I’m Taylor Gates. I had a dream I was friends with a three legged dog. Unfortunately, the dang dream wasn’t real, but I still love lil patches.
King Krule Brings a New, Darker Tone with his Album “The Ooz”
October 31, 2017
Archy Marshall’s new album “The Ooz” is atmospheric jazz and alternative rock mixed, but is without a doubt the recognizable style of “King Krule.” The album made its debut earlier this month, and is a deeply emotional depiction of Marshall’s quarter life crisis at age 23. It is written at a crossroad in his life, giving it a sense of experimentation and familiarity.
Marshall is a small red headed boy, yet has the deepest soulful voice. His gorgeous low vocals are extremely unexpected from his young appearance. He mumbles most his songs, but it adds to the immersion you fall into while listening to his music. Without clear pronunciation, his voice acts more as an instrument and pulls you into his soothing melancholy mood. The jazz makes it easy to slip into and stay awhile, but the lyrics are depressing.
The lack of distinguishable lyrics makes it perfect for studying since you can’t sing along. However, this album isn’t just background music. If you really try to listen, it is a very personal album about his artistic struggles and recent breakup.
His strongest songs were the slow ones. “Czech One” is about his nameless lover, and has gorgeous saxophone throughout. In “Logos,” he mumbles through the break up itself. “Midnight 01” is most similar to his first album giving some familiarity to the album. These are all calming and melancholy songs that would be best enjoyed on a rainy day with a warm drink.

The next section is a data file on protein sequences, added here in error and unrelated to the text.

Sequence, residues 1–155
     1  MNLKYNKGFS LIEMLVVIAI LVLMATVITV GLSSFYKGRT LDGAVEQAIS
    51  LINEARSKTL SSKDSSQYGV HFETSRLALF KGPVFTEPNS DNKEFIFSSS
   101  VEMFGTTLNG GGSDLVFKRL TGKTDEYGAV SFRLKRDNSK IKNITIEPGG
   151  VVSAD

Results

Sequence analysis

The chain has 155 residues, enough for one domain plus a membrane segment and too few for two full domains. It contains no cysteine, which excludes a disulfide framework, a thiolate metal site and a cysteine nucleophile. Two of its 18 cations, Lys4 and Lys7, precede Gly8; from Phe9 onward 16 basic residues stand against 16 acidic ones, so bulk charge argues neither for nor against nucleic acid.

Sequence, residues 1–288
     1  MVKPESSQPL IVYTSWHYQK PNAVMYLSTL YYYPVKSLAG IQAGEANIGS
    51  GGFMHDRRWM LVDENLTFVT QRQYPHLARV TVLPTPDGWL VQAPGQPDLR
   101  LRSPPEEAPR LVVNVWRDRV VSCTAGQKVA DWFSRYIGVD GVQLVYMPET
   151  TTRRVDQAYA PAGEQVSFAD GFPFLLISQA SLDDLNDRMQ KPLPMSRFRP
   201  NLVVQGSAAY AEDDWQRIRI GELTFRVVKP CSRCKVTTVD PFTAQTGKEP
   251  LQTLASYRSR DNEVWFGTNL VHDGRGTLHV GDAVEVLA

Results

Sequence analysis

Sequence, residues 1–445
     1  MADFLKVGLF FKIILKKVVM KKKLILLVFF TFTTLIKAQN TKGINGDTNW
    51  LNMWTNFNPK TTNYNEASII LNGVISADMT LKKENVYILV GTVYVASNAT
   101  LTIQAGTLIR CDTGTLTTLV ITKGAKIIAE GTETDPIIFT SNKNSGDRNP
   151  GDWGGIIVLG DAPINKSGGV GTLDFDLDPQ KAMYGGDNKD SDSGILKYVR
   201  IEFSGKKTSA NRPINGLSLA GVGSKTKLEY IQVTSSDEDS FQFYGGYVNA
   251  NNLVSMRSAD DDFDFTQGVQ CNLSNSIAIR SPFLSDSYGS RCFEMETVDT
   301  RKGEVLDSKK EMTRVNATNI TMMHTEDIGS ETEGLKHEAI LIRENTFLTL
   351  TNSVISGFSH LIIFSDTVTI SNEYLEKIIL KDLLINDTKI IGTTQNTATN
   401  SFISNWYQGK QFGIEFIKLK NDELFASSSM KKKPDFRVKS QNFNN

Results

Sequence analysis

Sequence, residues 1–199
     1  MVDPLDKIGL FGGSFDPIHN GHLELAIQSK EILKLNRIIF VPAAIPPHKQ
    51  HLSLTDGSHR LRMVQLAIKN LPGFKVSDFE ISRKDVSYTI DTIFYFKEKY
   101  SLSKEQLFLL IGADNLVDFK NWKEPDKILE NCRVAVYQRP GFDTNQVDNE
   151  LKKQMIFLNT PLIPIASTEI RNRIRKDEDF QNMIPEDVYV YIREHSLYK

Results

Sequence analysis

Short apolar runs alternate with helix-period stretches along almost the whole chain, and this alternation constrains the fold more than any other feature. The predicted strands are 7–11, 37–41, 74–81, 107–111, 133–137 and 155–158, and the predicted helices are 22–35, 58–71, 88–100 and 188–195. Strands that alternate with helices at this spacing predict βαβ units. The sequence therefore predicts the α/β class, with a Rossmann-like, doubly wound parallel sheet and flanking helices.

“6 Feet Beneath the Moon” is his best album as a whole, but a few of his strongest songs come from “The Ooz.” They are more powerful and emotionally baring. The album has some very angsty songs that surprised me. When the crescendo hits aggressively it breaks from the calm of the song. This happens in “The Locomotive” and “Dum Surfer.” This was most likely intentional so you feel his frustration. However, the transition between soothing to screamo-esque is completely against his normal music. It is good he’s experimenting, but when I listen to him I want to feel relaxed and his growls contradict the usual feeling of his music.
Overall verdict is 3.5/5 stars. The angst of the album is unsettling in comparison to his first album , but his low voice is what I’m here for. The album is something very new, yet distinctly Marshall’s style. It will seep into your head, and get stuck there for weeks.